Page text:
The Drivers tab contain just that. If all of the onboard solutions are used, you would choose each one in turn to install to complete the driver installation. The Utilities tab contains the motherboard utilities for monitoring vital temperatures and voltages with PC Probe II. The AI suite is a series of tools to allow you to view system settings and overclock through Windows.



The manual section contains the manuals for the storage controllers. Make disk is the section used to make an install disk so that the RAID option can be used when installing the operating system. The last tab shows all of the company's contact information. If a manual driver installation option is chosen, you can explore the disk and pick and choose the options needed that way.




Wi-Fi Solo AP Setup:


The Wi-Fi Solo interface has several adjustment and monitoring tabs. The Status tab gives basic top-line information about the setup of the device. The configuration tab allows for switching between AP and Station mode, as well as which wireless standard is used.



The statistics page show an analysis of packet transactions. The advanced page allows for detailed configuration of the device.The ICS tab is to allow for the configuration of the connection you wish to share when in AP mode.







LGA775 socket for Intel® Core™2 Quad / Core™2 Extreme / Core™2 Duo / Pentium® Extreme / Pentium® D / *Pentium® 4 Processors

Compatible with Intel® 05B/05A/06 processors

Support Intel® next generation 45nm Multi-Core CPU


Intel® P35 / ICH9R with Intel® Fast Memory Access Technology

Front Side Bus

1333 / 1066 / 800 MHz


Onboard Memory, 2GB ,DDR3 1333, Non ECC unbuffered

Dual Channel Memory architecture,DDR 1500MHZ (OC)The chipset officially supports DDR3 1066. Due to tuning by Asusexclusive technology this motherboard supports up to DDR3 1333. It is recommended that you install a Cpu with fsb 1066 or 1333 to garantee memory overclocking above DDR3 1500.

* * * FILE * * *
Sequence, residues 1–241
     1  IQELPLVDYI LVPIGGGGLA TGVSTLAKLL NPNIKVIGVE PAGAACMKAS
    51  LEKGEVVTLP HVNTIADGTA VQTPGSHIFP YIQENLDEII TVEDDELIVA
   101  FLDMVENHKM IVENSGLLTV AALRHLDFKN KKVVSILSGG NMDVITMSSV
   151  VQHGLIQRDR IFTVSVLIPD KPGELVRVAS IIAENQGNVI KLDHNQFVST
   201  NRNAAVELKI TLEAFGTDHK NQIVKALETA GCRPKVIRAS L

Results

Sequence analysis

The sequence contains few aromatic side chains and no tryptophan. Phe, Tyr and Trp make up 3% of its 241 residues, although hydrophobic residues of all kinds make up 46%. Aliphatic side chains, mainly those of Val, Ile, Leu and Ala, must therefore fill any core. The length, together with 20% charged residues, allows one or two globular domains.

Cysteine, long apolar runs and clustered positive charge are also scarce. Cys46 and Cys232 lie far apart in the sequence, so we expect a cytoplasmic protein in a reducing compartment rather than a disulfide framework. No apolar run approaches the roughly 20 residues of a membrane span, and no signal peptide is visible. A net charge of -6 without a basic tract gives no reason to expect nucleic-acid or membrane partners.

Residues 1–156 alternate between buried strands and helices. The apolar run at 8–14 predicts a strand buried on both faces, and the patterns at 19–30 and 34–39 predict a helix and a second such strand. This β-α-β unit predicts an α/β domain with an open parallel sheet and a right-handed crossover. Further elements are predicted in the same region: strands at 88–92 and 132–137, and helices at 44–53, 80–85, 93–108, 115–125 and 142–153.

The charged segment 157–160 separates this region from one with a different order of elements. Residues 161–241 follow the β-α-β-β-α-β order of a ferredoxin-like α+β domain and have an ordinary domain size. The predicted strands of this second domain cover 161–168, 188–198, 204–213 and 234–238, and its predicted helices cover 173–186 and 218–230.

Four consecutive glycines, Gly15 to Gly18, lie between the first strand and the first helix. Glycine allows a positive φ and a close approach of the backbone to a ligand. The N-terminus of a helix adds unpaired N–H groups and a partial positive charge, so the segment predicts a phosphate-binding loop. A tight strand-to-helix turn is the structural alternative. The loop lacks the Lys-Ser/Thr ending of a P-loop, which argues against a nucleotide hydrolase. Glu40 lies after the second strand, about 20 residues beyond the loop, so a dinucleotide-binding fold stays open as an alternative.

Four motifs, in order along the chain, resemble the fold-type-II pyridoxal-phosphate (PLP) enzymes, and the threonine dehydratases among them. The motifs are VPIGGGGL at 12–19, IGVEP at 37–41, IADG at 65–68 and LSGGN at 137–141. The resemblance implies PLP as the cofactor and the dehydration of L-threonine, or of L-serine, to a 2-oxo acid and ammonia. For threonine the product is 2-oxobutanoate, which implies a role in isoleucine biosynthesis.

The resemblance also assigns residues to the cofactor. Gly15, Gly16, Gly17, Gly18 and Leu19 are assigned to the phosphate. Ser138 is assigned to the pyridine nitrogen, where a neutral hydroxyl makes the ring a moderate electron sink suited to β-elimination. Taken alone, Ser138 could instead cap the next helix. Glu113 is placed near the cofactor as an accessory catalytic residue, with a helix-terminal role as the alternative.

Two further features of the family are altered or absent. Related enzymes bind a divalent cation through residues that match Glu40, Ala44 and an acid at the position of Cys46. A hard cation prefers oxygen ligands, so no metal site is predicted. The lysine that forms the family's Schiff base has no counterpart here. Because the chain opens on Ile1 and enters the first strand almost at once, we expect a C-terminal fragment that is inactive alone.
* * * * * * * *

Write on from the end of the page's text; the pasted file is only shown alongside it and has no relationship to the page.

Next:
Expansion Slots

2 x PCI-E x16 (blue @ x16 mode, black @ x4 or x1 mode) supports CrossFire Technology
2 x PCI-E x1
3 x PCI


- 6 x SATA 3.0 Gb/s ports
- Supports RAID 0, 1, 5 and 10
JMicron® JMB363 PATA and SATA controller
- 1 x UltraDMA 133/100/66 for up to 2 PATA devices
- 2 x External SATA 3.0 Gb/s port (SATA On-the-Go)
- Supports SATA RAID 0,1 and JBOD


Dual Gigabit LAN controllers, featuring AI NET2
Marvell88E8056® PCI-E Gigabit LAN controllers
RealtekRTL8110SC® PCI Gigabit LAN controller

Wireless LAN

54 Mbps IEEE 802.11g and backwards compatible with 11 Mbps IEEE 802.11b
- Software Access Point mode
- Station mode : Infrastruceure mode and Ad-Hoc mode


ADI® AD1988B 8-channel High Definition Audio CODEC
- Coaxial / Optical S/PDIF out ports at back I/O
- ASUS Noise Filter

IEEE 1394

EEE 1394a controller supports 2 x 1394a ports (one at midboard; one at back panel)


10 x USB 2.0 ports (4 ports at mid-board, 6ports at back panel)

ASUS AI Lifestyle Features

ASUS Quiet Thermal Solution:
- ASUS Fanless Design: Heat-pipe solution
- ASUS Fanless Design: Stack Cool 2
- ASUS AI Gear2
- ASUS 8-Phase Power Design
- ASUS Q-Fan 2
ASUS Crystal Sound:
- ASUS AI Audio 2
- ASUS Noise Filter
- ASUS Q-Connector
- ASUS O.C. Profile
- ASUS CrashFree BIOS 3
- ASUS EZ Flash 2
- ASUS AI Slot Detector
ASUS [email protected]
- ASUS WiFi-AP Solo

Other Features

ASUS MyLogo 3
Multi-language BIOS

Overclocking Features

Intelligent overclocking tools:
- AI NOS™ (Non-delay Overclocking System)
- ASUS AI Booster utility
Precision Tweaker:
- vCore: Adjustable CPU voltage at 0.0125V increment
- vDIMM: 16-step DRAM voltage control
- vChipset: 4-step Chipset voltage control
SFS (Stepless Frequency Selection)
- FSB tuning from 200MHz up to 800MHz at 1MHz increment
- Memory tuning from 667MHz up to 1333MHz for DDR2
- PCI Express frequency tuning from 100MHz up to150MHz at 1MHz increment
Overclocking Protection:
- ASUS C.P.R.(CPU Parameter Recall)

Back Panel I/O Ports

1 x PS/2 Keyboard
1 x S/PDIF Out (Coaxial + Optical)
2 x External SATA
1 x IEEE1394a
2 x RJ45 port
6 x USB 2.0/1.1
1 x WiFi-AP Solo antenna jack
8-channel Audio I/O

Internal I/O Connectors

2 x USB connectors support additional 4 USB ports
1 x Floppy disk drive connector
1 x IDE connector
1 x COM connector
6 x SATA connectors
1 x CPU Fan connector
4 x Chassis Fan connector
1 x Power Fan connector
1 x IEEE1394a connector
Front panel audio connector
1 x S/PDIF Out Header
Chassis Intrusion connector
CD audio in
24-pin ATX Power connector
2 x 4-pin ATX 12V Power connector
System Panel(Q-Connector)


16 Mb Flash ROM, AMI BIOS, PnP, DMI2.0, WfM2.0, SM BIOS 2.3, ACPI 2.0a, Multi-language BIOS, ASUS EZ Flash 2, ASUS CrashFree BIOS 3


WfM 2.0, DMI 2.0, WOL by PME, WOR by PME, PXE

O/S Compatibility

Windows Vista/XP


UltraDMA 133/100/66 cable
FDD cable
6 x Serial ATA cables
1 x 2-port Serial ATA power cable
I/O Shield
User's manual
ASUS WiFi-AP Solo manual
3 in 1 Q-connector
1 x 2-port USB2.0 / 1-port IEEE1394 module
ASUS WiFi-AP Solo omni-directional antenna